Even though America is not much known for its diversity in cultures, each state has a distinct and fascinating culture comprising rich history and natural beauty.
To represent and preserve this diversity of people and customs, these states have selected various symbols and customs.
These vary from having specific flags, mottos, fruits, animals, birds, songs, and much more for showcasing each state’s uniqueness.
Similarly, Arkansas has various symbols to represent its culture and customs.
For their state mammal, they officially designated the white-tailed deer as the state mammal in 1993.
The white-tailed deer is an animal of extraordinary beauty and power.
It can jump 9-foot fences, sprint up to 40 miles per hour, and even swim at a speed of 13 miles per hour.
When sprinting, the white bottom side of the deer’s tail ripples and flashes as a warning when danger is detected.
Fawns are born with white patches to help them blend in.
Native Americans and early settlers both relied on white-tailed deer for living and sustenance along with utilizing its skin.
What is our state mammal?
Since 1993, Arkansas’s state mammal has been the majestic and gorgeous white-tailed deer.
Arkansas, like many other states, considers the white-tailed deer to be regarded as the state mammal instead of them being regarded as the state animal.
These magnificent creatures are mighty and agile, capable of running at speeds of up to 40 mph, leaping over 9 feet up in the air, and swimming at speeds of up to 13 mph!
When threatened, their snow-white tails serve as both a warning sign for others and a diversion and confusion for predators while keeping them safe.
The baby deer often referred to as the fawns are usually
The fawns (baby deers) are typically born with many white patches covering their bodies for concealment.
The native Americans along with European settlers used to rely heavily on these deer for their living, selling or wearing animal skins, and used them also as a vital source of sustenance.
Facts About White-tailed Deer:
– Most white-tailed deer exist between 2 and 3 years, with maximum longevity, in the wild, of up to 20 years.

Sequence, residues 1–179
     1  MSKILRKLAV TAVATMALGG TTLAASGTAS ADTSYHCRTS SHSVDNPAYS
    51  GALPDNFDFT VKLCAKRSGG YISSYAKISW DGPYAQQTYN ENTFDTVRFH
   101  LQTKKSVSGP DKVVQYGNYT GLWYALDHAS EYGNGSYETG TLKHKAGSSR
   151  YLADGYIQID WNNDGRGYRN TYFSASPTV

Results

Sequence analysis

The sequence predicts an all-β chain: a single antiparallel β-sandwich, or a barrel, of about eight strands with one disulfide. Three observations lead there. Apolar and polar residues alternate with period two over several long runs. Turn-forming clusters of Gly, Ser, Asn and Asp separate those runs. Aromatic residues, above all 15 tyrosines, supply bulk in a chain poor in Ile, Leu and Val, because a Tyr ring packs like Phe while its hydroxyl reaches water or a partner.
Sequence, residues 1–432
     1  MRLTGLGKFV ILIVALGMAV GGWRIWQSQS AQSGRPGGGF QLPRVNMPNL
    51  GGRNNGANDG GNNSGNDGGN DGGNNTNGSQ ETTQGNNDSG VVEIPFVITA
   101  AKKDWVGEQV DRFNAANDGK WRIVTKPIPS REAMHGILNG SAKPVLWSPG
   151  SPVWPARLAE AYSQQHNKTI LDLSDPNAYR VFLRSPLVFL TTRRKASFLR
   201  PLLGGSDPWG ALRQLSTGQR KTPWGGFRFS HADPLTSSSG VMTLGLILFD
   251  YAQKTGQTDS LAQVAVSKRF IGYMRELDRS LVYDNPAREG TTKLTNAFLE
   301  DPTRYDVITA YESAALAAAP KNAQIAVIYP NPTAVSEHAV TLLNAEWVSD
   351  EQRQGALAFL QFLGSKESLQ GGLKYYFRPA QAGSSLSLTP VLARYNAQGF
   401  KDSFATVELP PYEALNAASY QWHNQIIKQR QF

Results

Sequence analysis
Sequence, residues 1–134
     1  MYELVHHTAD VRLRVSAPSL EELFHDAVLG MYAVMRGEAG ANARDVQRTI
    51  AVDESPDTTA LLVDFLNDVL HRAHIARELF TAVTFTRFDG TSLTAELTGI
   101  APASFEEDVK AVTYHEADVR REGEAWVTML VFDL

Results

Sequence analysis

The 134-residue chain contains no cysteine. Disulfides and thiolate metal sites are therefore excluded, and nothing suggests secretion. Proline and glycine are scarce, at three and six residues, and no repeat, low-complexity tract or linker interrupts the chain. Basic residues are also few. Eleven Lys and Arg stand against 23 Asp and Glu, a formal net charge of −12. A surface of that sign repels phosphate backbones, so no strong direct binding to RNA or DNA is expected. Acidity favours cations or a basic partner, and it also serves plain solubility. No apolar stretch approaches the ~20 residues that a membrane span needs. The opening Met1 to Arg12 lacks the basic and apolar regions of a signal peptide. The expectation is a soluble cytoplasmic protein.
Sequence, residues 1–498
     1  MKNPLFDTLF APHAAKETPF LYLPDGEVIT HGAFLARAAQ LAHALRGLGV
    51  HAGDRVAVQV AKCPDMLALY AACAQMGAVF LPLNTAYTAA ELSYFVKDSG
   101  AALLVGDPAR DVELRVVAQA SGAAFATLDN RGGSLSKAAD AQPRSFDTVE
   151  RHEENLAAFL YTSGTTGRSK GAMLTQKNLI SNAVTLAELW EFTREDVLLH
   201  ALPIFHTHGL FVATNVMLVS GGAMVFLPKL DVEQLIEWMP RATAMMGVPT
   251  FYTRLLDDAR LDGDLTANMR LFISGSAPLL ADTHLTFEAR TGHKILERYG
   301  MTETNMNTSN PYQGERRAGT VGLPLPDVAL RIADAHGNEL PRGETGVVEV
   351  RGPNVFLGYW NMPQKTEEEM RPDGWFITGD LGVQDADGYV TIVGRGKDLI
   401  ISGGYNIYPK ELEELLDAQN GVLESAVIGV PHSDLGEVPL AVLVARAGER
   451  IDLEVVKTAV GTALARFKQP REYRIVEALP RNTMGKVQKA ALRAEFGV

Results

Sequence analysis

However, usually, most white-tailed deer cannot live over 10 years because of deforestation, predators, along with environmental difficulties.
– While young deer are often referred to as fawns, whereas adults are referred to as bucks.
– They are excellent swimmers, which they exploit to avoid predators by swimming fast through various rivers and streams.
– The most popular large game mammal in the US is the white-tailed deer.
- Baby white-tail deer (Fawns) consume only their mother’s milk for two weeks after birth, and because they are herbivores, they will eat mostly leaves, twigs, and other greens after weaning.
Most states’ emblems depict a meaningful tale that represents the state and its history, geological makeup, and fauna.
The Natural State’s state animal conveys its past and what it stands for effectively.
This intriguing Arkansas fact, along with a slew of others, is what makes the state so distinct and fascinating to people who live there or are investigating the state’s historical events.
Why is the white-tailed deer the state mammal?
In March 1993, Arkansas’s 79th General Assembly passed House Bill 2110.
This bill offered recognition to the white-tailed deer as the state’s official mammal.
Later on April 5, 1993, Governor Jim Guy Tucker signed Act 892, which was a measure proposed by Representative Arthur F. Carter.
Odocoileus Virginianus is the officially selected emblem of eleven states, including Arkansas.
White-tailed deer were abundant in Arkansas before European settlement; the Hernando de Soto expedition observed Native American communities clad in deerskins.
The later Caddo people relied primarily on deer for food along with utilizing its skin or for trade purposes.
For decades, early Euro-American people hunted white-tailed deer without limitation and laws.
Roads, buildings, farms, and cities quickly encroached on its environment, causing deer populations to plummet.
The AGFC (Arkansas Game and Fish Commission) established the state’s first deer season in 1916 and deer refuges in the 1920s.
However, by the mid-1930s, just a few hundred deer remained in Arkansas, while the rate of decline started constantly.
The AGFC began gaining deer from adjacent states and, subsequently, transferring herds to spread territory and boost reproductive viability.
Arkansas’s white-tailed deer herd was estimated to be over 1 million in 2008 (The country’s population is believed to be around 15 million people).
Every year, up to 350,000 shooters attempt their luck with Arkansas’s white-tailed deer; the annual harvest surpasses 100,000.
In 1999, the AGFC discovered that roughly 6,000 employments directly depended on the hunting industry; hunters spent around $339 million per year, a large portion of which was attributed to white-tailed deer hunters.
This was followed by their recognition as the state mammals.